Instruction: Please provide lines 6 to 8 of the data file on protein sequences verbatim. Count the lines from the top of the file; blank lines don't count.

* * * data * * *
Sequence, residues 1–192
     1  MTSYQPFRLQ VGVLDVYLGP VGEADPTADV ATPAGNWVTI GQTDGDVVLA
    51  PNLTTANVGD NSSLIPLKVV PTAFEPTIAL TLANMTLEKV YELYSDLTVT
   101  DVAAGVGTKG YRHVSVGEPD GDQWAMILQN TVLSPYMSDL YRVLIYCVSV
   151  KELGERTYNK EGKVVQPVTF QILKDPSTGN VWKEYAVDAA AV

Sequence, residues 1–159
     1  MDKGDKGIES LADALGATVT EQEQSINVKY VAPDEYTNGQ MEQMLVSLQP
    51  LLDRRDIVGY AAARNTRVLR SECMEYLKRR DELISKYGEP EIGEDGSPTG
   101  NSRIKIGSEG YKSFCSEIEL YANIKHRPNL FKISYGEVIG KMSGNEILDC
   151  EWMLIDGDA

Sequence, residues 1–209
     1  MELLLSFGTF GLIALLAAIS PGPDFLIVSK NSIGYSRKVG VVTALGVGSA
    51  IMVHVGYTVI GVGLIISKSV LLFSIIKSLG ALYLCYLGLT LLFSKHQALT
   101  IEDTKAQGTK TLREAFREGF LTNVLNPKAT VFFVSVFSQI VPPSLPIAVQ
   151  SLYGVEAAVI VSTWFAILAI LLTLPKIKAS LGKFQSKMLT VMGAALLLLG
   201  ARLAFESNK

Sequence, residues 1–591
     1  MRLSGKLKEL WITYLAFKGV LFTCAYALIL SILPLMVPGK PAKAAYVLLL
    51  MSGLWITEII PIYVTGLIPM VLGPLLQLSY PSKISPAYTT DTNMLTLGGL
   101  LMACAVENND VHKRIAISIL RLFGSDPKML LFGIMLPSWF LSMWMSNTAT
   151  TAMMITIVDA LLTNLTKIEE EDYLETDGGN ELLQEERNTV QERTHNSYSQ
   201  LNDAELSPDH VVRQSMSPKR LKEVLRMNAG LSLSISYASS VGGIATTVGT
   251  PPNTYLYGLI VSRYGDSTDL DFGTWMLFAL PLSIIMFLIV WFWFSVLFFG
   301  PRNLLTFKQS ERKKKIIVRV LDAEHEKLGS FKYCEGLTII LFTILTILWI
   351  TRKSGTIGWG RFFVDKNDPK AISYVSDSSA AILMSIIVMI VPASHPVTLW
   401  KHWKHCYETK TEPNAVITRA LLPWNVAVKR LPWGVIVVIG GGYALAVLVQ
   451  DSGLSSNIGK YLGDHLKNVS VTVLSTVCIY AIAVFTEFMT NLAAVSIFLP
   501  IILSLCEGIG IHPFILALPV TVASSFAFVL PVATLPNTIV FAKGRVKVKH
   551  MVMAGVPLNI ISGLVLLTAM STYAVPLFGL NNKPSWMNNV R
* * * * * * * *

Sequence, residues 1–159
     1  MDKGDKGIES LADALGATVT EQEQSINVKY VAPDEYTNGQ MEQMLVSLQP
    51  LLDRRDIVGY AAARNTRVLR SECMEYLKRR DELISKYGEP EIGEDGSPTG